After a disappointing start to 2022, stocks have shown resilience in the second half.
Since the end of June, the S&P 500 has surged nearly 10%. And according to JPMorgan, there’s still more upside ahead.
The Wall Street gorilla recently reiterated its year-end price target of 4,800 for the S&P 500. With the benchmark index currently sitting at roughly 4,100, JPMorgan’s target implies a potential upside of 16%.
The firm notes how lower market volatility can lead to inflows from systematic investors.
“Alongside corporate buybacks, these strategies can provide steady inflows of several billion per day in equities for the next 2-3 months,” writes Marko Kolanovic, chief global markets strategist at JPMorgan, in a note to investors. “Trend following strategies that were largely short equities this year are covering shorts.”
Let’s take a closer look at this call — and where the market guru sees opportunities.
The $100 billion catalyst
Technical indicators could play a critical role in the potential turnaround.
Kolanovic points out that the S&P 500 “is on the cusp of breaking important momentum signals” such as the 200-day moving average.
On stock charts, the 200-day moving average is shown as a line. Traders can use this line to determine whether the trend is up or down and identify potential support or resistance areas.
The S&P 500 has largely traded below its 200-day moving average in recent months. Kolanovic suggests that if the index can break above this 200-day moving average, it could lead to inflows “on the order of ~$100 billion.”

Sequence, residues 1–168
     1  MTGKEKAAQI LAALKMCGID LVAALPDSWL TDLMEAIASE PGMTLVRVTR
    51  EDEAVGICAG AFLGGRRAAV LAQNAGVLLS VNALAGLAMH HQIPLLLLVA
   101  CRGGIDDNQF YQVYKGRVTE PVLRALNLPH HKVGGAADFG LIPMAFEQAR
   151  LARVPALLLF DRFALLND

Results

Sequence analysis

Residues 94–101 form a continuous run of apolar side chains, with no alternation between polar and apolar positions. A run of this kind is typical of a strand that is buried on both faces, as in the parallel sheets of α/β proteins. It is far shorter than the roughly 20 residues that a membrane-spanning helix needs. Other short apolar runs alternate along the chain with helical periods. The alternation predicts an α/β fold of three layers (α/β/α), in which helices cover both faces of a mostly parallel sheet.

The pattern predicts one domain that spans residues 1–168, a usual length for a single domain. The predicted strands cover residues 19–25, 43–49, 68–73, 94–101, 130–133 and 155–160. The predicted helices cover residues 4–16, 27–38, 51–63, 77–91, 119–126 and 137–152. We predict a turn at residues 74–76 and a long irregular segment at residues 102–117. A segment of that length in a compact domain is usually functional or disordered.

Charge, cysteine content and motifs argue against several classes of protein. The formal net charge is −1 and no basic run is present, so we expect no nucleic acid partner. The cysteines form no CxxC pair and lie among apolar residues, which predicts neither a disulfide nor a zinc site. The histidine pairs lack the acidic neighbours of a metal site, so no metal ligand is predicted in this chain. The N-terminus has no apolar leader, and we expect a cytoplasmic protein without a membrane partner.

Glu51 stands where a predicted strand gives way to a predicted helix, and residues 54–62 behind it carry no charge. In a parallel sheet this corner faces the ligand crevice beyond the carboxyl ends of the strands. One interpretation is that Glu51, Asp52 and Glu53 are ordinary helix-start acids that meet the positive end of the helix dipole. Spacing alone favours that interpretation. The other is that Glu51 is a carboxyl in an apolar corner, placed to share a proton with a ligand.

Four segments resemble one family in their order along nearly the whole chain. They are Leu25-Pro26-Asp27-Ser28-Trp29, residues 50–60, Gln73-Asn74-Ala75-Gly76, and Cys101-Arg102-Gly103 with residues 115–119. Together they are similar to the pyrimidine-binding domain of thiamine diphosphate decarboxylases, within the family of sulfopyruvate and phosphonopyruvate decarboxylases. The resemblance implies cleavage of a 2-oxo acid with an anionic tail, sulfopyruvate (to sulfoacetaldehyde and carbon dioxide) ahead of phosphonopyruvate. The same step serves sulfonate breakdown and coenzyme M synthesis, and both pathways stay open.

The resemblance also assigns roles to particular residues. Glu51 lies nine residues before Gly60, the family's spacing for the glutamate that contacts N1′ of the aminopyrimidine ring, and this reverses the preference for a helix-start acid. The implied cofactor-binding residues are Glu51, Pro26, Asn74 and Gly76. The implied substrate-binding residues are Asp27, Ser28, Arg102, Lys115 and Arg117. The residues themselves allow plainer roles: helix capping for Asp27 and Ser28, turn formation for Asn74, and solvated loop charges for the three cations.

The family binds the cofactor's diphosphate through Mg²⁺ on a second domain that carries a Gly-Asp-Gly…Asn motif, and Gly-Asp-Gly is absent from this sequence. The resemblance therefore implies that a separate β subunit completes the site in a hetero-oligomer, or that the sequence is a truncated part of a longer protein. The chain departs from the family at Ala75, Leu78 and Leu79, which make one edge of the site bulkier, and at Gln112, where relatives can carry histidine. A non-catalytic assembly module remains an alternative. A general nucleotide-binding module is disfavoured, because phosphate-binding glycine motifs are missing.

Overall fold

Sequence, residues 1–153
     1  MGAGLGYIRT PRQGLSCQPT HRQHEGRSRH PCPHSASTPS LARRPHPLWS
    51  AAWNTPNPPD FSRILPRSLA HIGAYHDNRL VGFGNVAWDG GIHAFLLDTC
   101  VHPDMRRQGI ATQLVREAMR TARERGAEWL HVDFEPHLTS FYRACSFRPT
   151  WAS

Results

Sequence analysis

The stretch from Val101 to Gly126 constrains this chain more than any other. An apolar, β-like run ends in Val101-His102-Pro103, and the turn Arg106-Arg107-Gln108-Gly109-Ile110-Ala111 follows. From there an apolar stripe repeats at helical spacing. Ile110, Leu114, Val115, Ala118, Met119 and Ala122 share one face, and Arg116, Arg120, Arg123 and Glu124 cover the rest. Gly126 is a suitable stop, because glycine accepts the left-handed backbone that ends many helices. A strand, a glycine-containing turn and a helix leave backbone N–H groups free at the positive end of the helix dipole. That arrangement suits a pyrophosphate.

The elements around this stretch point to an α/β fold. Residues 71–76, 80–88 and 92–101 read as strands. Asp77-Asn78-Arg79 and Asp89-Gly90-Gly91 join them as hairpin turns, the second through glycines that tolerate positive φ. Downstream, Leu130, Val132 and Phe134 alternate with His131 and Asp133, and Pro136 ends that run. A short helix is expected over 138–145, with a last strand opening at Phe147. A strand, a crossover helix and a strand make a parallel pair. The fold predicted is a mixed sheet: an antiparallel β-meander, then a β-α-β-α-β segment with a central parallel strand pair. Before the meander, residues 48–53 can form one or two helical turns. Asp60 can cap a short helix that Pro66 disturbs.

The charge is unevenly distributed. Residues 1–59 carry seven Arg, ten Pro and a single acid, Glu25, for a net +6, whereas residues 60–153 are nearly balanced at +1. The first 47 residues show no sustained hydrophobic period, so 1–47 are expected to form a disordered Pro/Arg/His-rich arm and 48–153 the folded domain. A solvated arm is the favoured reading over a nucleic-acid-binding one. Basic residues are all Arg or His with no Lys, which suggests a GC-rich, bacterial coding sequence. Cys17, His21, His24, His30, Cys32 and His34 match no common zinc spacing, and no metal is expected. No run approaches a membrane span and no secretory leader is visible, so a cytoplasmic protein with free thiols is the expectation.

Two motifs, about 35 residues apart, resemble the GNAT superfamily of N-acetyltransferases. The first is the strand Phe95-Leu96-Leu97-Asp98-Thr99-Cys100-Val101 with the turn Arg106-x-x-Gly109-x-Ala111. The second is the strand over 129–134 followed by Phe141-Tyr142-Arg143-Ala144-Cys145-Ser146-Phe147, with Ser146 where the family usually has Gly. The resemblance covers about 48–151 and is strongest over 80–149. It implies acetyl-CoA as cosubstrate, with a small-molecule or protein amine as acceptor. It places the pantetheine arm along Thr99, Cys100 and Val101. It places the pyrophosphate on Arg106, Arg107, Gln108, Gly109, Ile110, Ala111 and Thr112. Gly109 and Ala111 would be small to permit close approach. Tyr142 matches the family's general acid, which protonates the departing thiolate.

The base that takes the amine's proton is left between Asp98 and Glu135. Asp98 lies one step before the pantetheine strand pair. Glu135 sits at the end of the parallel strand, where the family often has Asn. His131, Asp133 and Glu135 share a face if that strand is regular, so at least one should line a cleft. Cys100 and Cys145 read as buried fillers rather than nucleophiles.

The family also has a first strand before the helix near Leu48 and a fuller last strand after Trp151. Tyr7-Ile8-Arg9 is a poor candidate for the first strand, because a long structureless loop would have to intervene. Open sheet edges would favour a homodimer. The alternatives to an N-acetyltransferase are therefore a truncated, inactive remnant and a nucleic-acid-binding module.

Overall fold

We may have to wait a bit for that to happen. The S&P 500 fell 1.3% on Friday and then tumbled another 2.1% on Monday.
Will the Fed pivot?
To tame spiking inflation, the Fed is raising interest rates aggressively, and that has cast a giant shadow over the stock market.
But Kolanovic doesn’t believe the central bank’s hawkish stance would persist.
“[W]e are again out of consensus and maintain that inflation will resolve on its own as distortions fade and that the Fed has overreacted with 75 bps hike,” he writes. “This Fed ‘overreaction’ and subsequent but largely unrelated decline in inflation will probably result in a Fed pivot, which is positive for cyclical assets.”
While JPMorgan has a bullish price target for the S&P 500, it does not suggest simply buying the benchmark index as a whole.
Kolanovic also cautions not to chase large-cap tech stocks or recession-proof stocks that are already “trading near all-time highs.”
The opportunities he sees are valuation-based.
“There are market segments such as energy trading at mid-single digit P/Es (below recession multiples), and even some broad markets such as the S&P 600 small cap index trading at recession level multiples,” he writes.
Investors can use ETFs to get exposure to these segments. For instance, the Energy Select Sector SPDR Fund (XLE) provides investors with convenient access to the energy sector of the S&P 500. Meanwhile, investors can use funds like the Vanguard S&P Small-Cap 600 ETF (VIOO) and the SPDR Portfolio S&P 600 Small Cap ETF (SPSM) to track the small-cap index.
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This article provides information only and should not be construed as advice. It is provided without warranty of any kind.